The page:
Ω 5:57 PM  

@Anoa Bob - I could be wrong, but I seem to recall that @Rob C had a puzzle not too long ago.

Anonymous 6:12 PM  

@Z I believe Rob C had two puzzles not too long ago.

M and A enthusiastically 6:34 PM  

Rob C had a fabulous, big U-count puz in 2012, too.
Just missed a major, Nobel-like award in the crossword field. mUcho impressive. Moment of respect...


Anybody know a good puz clue for the French weeject LUI?
...Best I could muster was "Duck bro of Hui and Dui".

Unknown 6:36 PM  

Thanks for all of the kind words today. I now have two that are waiting to be published. Without giving anything away, I think one will be well received by this crowd and the other...not so much. I'm sure there will be a lot of good discussion though.

@Z - I've had 2 previously in the NYT, most recently in Aug 2012. I also had one in Jan 2013 in the LAT. That may be the one you're thinking of???

Unknown 6:37 PM  

@M&A - no need to play nice now, I never forget a snub ;)

Anonymous 6:43 PM  

Congratulations, Evan!! Looking forward to seeing -- and solving -- those puzzles!

-- FearlessKim

Anonymous 6:48 PM  

Nice week for another Rexite! Congratulations!

sanfranman59 10:01 PM  

This week's relative difficulty ratings. See my 8/1/2009 post for an explanation and my 10/15/2012 post for an explanation of a tweak I've made to my method. In a nutshell, the higher the ratio, the higher this week's median solve time is relative to the average for the corresponding day of the week.

All solvers (this week's median solve time, average for day of week, ratio, percentile, rating)

Mon 5:45, 6:12, 0.93, 16%, Easy

Top 100 solvers

Mon 3:31, 3:49, 0.92, 13%, Easy

Steve J 11:17 PM  

@Evan: Congrats on the puzzle acceptances. And I do like your NW better.

@RobC: Congrats to you, too.

spacecraft 11:39 AM  

Stacked sevens on a Monday..TADA! congrats to (yet another) Patrick for the most open Monday grid in my memory. It all goes fairly smoothly, a couple of sticky spots here and there easily taken care of by crosses. Nice theme and revealer--and great intra-theme with RENEES/GERE/CHICAGO. Who knew FOOTLOOSE was a Broadway show? I can see people playing "Six degrees of Kevin Bacon" with this one.

I'd forgotten all about those silly OLEO pouches. Thanks for reminding me, everyone. Those were the days, my friend, I thought they'd...etc.

Waxy in Montreal 1:37 PM  

In Quebec, the most agro-friendly jurisdiction anywhere, the margarine wars weren't over until 2008! Have only had the opportunity to buy a yellow version of the spread for 5 years.

OHMS can also be On Her (or His) Majesty's Service (when people still actually sent real letters to their Members of Parliament in commonwealth countries, no stamp was necessary if OHMS was printed on the envelope).

Otherwise, a breezy Monday crossword, fit for a mid-summer's day.

Getting a little put-off by the amount of junk email engendered by ticking Blogger's email follow-up box. My captcha today seems appropriate: hakage.

DNGrandma 1:59 PM  

Just dropping by to add a word to the oleo talk. As I recall, it became more of a household thing during WWII. I suspect that was because butter was rationed. Anyone else remember the ration stamps, later "chips", red for meat and dairy, blue for everything else? At any rate that is when I got to squash the little yellow package insert.

Oh, the puzzle. a pleasant solve with, for once?, no write overs.

ahimsa 2:07 PM  

This puzzle was so much fun! Maybe it was a bit harder than other Mondays but that only made it more fun for me. Kudos to Patrick McIntyre.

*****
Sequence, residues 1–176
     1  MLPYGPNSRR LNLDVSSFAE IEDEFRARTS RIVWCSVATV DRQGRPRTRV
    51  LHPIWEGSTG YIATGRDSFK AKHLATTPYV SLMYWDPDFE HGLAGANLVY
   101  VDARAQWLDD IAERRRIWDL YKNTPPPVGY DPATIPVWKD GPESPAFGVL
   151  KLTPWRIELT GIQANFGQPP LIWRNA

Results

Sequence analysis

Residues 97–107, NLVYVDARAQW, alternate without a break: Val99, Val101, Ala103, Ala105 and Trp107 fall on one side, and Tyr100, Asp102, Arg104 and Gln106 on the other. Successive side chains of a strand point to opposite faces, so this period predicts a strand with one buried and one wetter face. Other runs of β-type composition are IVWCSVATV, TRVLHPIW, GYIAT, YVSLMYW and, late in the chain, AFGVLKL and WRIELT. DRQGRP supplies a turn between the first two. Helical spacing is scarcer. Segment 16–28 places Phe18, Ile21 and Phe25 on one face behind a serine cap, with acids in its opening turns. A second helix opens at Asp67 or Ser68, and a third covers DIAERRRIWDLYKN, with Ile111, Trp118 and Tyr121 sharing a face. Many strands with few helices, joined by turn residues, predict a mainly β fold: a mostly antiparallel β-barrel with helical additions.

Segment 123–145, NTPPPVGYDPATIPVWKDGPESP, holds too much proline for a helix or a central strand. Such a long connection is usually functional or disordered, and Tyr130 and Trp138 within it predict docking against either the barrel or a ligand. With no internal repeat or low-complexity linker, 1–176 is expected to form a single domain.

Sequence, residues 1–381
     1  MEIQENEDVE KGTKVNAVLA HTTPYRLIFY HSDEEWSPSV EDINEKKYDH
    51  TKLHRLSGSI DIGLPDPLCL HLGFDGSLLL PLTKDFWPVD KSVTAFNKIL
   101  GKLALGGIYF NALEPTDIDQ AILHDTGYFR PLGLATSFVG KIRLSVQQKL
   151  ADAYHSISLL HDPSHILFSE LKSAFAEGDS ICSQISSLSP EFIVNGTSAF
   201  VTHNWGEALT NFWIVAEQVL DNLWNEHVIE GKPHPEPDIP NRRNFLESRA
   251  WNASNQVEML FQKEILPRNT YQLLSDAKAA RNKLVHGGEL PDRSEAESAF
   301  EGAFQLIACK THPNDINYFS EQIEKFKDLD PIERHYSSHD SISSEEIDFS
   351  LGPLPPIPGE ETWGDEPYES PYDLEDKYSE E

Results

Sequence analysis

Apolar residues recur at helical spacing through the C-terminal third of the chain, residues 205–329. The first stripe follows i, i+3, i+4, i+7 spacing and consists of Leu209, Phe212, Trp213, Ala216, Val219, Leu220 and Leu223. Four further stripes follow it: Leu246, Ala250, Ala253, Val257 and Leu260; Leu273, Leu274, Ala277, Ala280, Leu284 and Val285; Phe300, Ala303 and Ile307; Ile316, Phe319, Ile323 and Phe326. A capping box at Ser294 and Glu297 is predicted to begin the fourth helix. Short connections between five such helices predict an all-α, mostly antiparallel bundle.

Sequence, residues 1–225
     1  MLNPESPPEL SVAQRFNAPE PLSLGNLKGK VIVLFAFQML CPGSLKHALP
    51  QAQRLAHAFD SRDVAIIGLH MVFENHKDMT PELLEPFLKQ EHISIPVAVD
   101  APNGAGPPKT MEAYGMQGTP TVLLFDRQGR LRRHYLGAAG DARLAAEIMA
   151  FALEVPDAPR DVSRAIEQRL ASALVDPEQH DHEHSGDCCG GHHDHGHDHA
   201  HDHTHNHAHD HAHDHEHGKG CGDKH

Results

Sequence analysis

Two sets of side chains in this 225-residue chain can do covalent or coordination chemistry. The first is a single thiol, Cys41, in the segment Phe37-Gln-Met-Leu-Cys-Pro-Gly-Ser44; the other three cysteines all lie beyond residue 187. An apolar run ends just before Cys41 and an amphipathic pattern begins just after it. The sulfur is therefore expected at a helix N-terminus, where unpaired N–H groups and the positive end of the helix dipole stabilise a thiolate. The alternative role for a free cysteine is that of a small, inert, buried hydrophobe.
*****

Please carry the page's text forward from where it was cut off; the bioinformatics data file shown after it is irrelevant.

RENT was the first SHOW that I wrote DOWN (!), and then FOOTLOOSE, and those two helped me to see the revealer and the theme. By then the other starred clues were easy. It helps that I've seen them all, mostly as movies, but I have seen two onstage (CHICAGO and CATS).

I didn't realize that many thought TROMPE [l'oeil] was a difficult entry. I have seen that phrase so many times that even I, with zero ability to speak French, and who is hopeless at French spelling, wrote that in without any hesitation. Interesting.

I don't follow football at all and yet had no trouble remembering LYNN Swann. I don't think I would have remembered STEELER but the crosses made it easy.

@lms, not sure if you follow snydi-land comments, but that was such funny story about "cat berets." My first LOL of the day, thanks!

Dirigonzo 2:26 PM  

It's not often that my first run-through of the clues produces a completed grid free of write-overs - today was such a day. I, too, thought some of the fill had an "old-timey" feel to it but that's fine with me - that's my wheelhouse, after all.

Seems like it was just yesterday that @spacecraft was celebrating an alternative clue for ABS and today the muscles are back, although I do like the "six-pack" reference (I always like a six-pack reference).

AquilaAquilegia 6:18 PM  

As Bugs Bunny said: "Did you ever have the feeling you was bein' watched?"

I clicked on the Chicago video. (Of course I clicked on the Chicago video. I only have most of their albums. I've only been a fan since I was five years old (1970). I mean, what do you expect?) The video comes up... with an pop-up ad from Orion Telescopes.

I mean, seriously, Orion Telescopes? Who do you think I am? Somebody who visited Spaceweather.com before coming to Rexville? Somebody who just received a SHIPMENT from Orion Telescopes? Sorry, guys, I already spent my mad money for the month. If I ever have a spare $2000 or so lyin' around, though, I might bite on that 14" computer-driven Dob you've been dangling in front of me for months. (In amateur astronomy this is referred to as "scope porn". Seems like STDs ought to figure in the name, but I digress.)

The puzzle? Yeah, I guess there was a puzzle somewhere, but I've lost my appetite. I'm going back offline where... they can still find me, but they're gonna have a lot more trouble doing it. :)